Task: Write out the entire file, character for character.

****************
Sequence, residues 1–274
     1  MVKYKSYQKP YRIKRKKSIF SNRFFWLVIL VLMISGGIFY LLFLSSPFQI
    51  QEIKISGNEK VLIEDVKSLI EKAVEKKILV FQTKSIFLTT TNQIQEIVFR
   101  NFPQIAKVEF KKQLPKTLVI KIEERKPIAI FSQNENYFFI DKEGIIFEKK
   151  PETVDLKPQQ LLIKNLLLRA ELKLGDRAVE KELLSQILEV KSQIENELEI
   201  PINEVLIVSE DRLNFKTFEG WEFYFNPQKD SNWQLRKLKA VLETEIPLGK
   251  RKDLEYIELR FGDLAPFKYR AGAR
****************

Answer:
Sequence, residues 1–274
     1  MVKYKSYQKP YRIKRKKSIF SNRFFWLVIL VLMISGGIFY LLFLSSPFQI
    51  QEIKISGNEK VLIEDVKSLI EKAVEKKILV FQTKSIFLTT TNQIQEIVFR
   101  NFPQIAKVEF KKQLPKTLVI KIEERKPIAI FSQNENYFFI DKEGIIFEKK
   151  PETVDLKPQQ LLIKNLLLRA ELKLGDRAVE KELLSQILEV KSQIENELEI
   201  PINEVLIVSE DRLNFKTFEG WEFYFNPQKD SNWQLRKLKA VLETEIPLGK
   251  RKDLEYIELR FGDLAPFKYR AGAR